Although hot flashes are the quintessential symptom, there are several other menopause-related symptoms, such as brain fog or memory trouble, that women may not realize are connected to their changing hormones.
A new study published January 12 in the journal Menopause found a link between menopausal symptoms, especially depression and sexual dysfunction, and cognitive performance in areas such as memory, attention, and language skills.
Memory Trouble and Other Cognitive Problems Often Aren’t Considered Menopause Related
“Often women don’t recognize these symptoms as part of menopause,” says Margaret Nachtigall, MD, a gynecologist at NYU Langone Health and a clinical assistant professor at the NYU School of Medicine, both in New York City. “Because cognitive issues can develop slowly, they might not see it as related to a loss of estrogen,” she says.
2 out of 3 Women Report Cognitive Trouble During Menopause Transition
According to the Office on Women’s Health, part of the Department of Health and Human Services, up to two-thirds of women in perimenopause report cognitive problems.
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“In the women that I see in clinic, that can manifest as difficulty remembering, the inability to find the right word for what they are trying to say, putting dishes in the cabinet instead of the dishwasher, not remembering everything on their list that they wanted at the store, or being in a meeting and forgetting what they were going to say,” says Dr. Nachtigall.
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Study Included Women at Different Stages of the Menopause Transition
To examine whether the cognitive performance of women is related to the severity of menopausal symptoms, investigators looked at 404 women in a rural area in north India. The subjects were between ages 40 and 65 and were not using hormone therapy (HT).
The women were divided in four groups so that researchers could look at the frequency and severity of different symptoms according to the stage in the menopause transition.
- Premenopausal women who were still having regular menstrual cycles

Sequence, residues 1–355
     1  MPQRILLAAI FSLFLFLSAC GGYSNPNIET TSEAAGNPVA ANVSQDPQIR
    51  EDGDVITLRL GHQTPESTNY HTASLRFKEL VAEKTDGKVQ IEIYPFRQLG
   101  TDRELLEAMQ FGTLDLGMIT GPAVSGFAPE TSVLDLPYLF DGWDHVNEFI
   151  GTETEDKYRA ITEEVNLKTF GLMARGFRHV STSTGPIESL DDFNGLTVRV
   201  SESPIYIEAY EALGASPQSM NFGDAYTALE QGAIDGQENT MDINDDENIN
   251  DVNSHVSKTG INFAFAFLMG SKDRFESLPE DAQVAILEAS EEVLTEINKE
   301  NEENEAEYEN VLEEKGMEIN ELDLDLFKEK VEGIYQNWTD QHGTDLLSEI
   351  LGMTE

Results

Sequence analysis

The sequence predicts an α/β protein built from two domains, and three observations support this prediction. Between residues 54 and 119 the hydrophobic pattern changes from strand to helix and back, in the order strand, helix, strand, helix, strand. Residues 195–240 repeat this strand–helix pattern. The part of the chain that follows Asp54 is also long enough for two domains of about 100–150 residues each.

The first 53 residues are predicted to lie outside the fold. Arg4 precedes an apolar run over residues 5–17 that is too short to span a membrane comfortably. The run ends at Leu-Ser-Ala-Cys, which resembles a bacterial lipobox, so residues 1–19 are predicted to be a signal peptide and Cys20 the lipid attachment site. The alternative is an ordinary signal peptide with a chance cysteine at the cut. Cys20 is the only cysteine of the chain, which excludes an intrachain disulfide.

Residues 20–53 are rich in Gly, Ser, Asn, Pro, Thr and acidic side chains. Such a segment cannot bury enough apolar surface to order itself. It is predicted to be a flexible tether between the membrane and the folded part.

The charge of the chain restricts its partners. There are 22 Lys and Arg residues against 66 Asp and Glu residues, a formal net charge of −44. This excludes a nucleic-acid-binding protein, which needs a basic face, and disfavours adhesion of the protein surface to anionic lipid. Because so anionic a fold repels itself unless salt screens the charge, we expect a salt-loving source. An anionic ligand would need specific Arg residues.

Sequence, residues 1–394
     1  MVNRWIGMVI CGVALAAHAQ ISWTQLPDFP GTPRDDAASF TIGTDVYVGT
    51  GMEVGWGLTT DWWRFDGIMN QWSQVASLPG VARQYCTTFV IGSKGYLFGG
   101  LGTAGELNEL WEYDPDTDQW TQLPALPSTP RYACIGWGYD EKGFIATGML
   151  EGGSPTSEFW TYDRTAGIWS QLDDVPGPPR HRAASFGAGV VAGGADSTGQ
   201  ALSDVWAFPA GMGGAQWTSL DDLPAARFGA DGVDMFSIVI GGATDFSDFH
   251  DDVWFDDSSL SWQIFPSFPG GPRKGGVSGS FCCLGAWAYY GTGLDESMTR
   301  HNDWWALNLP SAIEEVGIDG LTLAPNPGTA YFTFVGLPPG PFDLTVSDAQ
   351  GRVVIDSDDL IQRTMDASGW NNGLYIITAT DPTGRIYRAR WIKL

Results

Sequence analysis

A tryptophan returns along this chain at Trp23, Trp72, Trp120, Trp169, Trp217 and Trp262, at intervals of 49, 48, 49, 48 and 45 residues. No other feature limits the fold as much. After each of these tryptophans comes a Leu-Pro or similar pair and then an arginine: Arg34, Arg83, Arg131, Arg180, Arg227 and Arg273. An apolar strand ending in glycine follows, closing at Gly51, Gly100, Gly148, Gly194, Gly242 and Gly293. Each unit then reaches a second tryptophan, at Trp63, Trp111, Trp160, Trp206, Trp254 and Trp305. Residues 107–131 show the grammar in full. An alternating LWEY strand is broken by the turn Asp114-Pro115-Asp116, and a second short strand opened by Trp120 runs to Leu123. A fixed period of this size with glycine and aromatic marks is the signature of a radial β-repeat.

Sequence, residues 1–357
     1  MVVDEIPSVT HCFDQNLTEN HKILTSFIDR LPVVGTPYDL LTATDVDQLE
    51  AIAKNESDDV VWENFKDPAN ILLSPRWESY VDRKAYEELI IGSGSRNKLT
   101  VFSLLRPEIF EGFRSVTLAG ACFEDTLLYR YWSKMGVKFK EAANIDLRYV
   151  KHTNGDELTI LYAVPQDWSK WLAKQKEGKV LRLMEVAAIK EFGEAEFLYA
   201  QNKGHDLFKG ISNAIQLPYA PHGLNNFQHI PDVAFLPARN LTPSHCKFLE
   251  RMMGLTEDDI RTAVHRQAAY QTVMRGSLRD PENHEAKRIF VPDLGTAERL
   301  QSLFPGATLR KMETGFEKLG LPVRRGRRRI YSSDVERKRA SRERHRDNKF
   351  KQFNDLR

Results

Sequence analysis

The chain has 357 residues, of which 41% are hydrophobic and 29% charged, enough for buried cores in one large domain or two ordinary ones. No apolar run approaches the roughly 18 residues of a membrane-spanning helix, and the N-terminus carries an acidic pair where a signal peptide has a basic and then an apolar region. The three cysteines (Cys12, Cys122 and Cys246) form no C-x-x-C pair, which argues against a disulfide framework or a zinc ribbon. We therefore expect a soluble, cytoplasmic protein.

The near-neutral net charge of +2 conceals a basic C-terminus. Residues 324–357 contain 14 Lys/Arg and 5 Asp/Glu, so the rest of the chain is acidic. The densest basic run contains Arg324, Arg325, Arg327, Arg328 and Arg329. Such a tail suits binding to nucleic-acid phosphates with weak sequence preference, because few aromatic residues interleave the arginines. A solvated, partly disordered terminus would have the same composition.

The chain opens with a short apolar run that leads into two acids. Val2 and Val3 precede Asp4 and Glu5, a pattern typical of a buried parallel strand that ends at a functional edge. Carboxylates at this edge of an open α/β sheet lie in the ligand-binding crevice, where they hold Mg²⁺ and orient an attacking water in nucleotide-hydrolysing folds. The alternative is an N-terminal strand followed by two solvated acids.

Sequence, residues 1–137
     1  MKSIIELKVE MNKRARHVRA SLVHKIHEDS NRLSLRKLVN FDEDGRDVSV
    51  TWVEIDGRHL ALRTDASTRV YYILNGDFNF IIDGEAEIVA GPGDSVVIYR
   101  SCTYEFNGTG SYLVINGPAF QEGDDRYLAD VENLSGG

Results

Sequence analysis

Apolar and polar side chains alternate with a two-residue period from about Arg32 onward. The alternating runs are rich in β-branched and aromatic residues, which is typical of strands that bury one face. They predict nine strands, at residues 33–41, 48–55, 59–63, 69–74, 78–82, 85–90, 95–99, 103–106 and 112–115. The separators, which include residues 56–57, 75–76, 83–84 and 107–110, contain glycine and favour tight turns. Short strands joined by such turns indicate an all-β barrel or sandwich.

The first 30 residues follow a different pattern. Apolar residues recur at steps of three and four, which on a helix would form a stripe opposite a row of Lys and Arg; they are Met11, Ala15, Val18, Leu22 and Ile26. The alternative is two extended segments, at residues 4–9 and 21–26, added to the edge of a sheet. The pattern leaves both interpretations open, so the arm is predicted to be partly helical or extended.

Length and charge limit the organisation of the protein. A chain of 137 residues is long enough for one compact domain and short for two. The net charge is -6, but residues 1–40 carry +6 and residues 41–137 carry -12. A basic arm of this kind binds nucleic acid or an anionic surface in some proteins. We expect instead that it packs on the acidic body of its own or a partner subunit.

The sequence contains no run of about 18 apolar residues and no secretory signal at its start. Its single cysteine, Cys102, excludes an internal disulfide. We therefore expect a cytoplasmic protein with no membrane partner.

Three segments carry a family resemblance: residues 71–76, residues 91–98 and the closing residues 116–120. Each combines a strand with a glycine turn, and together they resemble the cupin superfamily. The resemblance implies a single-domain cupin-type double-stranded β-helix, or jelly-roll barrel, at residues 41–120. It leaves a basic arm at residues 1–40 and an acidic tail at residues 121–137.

- Perimenopausal women who were experiencing irregularities in their cycle
- Early post-menopausal women who had completely stopped bleeding for 12 months, with five years or less since their final menstrual period
- Late post-menopausal women whose final menstrual period had occurred 5 or more years before
Researchers used standardized tools to record the presence and intensity of 21 different menopause symptoms, including sexual dysfunction, vasomotor symptoms (hot flashes), depression, and anxiety.
A Hindi version of the Mini-Mental State Examination (MMSE) was used to gauge cognitive performance and evaluate the effect of the severity of menopause symptoms on overall cognitive performance and its five domains, including
- Language and visuospatial skills
Investigators found that the kind of menopausal symptoms the women experienced were different depending on their life stage.
- Anxiety was the most common symptom in premenopause, reported by 24.1 percent of subjects.
- Hot flashes and anxiety were both reported by more than 50 percent of perimenopausal women.
- More than half of women in early post-menopause reported anxiety, depression, hot flashes, and physical symptoms, such as sleep disturbances or fatigue.
- Over 60 percent of women in late post-menopause experienced depression, sexual dysfunction, and physical symptoms, such as sleep issues or fatigue.
Severe Menopausal Symptoms Were Associated With Brain Fog
Researchers found that the cognitive performance of the women was linked to the severity of certain menopause symptoms, especially depression and sexual dysfunction.
Sexual dysfunction can manifest in different ways during menopause and people are often reluctant to talk about it, says Nachtigall. “Some women feel as though they have vaginal dryness, itchiness, or a feeling like sandpaper in the vagina,” she says.
A decrease in arousal or in sexual response and pleasure are also symptoms of sexual dysfunction, according to the North American Menopause Society.